Page Load Reliability
Page load reliability is measured by how many (if any) Web pages load with broken or incomplete elements while opening the 40 tabs in our memory usage tests (found on the next page). Broken elements mean missing ads, images, a jumbled layout, and so on. Each page with broken elements is counted once, no matter how many individual broken elements appear on that page.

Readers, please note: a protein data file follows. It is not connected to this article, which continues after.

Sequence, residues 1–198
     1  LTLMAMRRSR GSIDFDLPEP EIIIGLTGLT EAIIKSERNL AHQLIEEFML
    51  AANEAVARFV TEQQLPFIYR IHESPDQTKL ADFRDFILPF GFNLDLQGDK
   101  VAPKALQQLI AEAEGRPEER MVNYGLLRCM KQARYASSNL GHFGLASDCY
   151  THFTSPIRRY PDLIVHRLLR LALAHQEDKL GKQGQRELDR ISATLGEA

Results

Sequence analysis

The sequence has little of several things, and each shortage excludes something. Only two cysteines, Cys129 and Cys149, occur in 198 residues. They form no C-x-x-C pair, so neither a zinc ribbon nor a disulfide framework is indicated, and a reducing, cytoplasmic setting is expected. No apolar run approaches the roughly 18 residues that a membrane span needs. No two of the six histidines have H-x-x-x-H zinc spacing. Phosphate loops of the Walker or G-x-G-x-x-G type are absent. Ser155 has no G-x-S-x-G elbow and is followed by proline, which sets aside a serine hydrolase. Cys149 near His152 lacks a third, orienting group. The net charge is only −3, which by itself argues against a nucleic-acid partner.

Opera stuns once again with the lowest number of failures. In fact, this time we didn't record any at all. Apple Safari, which used to completely hang when loading 40 tabs, again places second with only 2-3 failures. While the new fast-paced release schedule allows Mozilla to keep pace with Google Chrome in the performance department, we've also seen it cause Firefox to suffer from the same reliability issues. Once known for its rock-solid stability, Firefox continues to falter in this area; version 7 reports twice as many failures as version 6. Chrome, which once demonstrated a deplorable number of failures, has improved over time and now hovers around 8-9 failures per 40-tab load. Internet Explorer 9 continues to amaze us in all of the wrong ways, as half of its pages contain broken elements.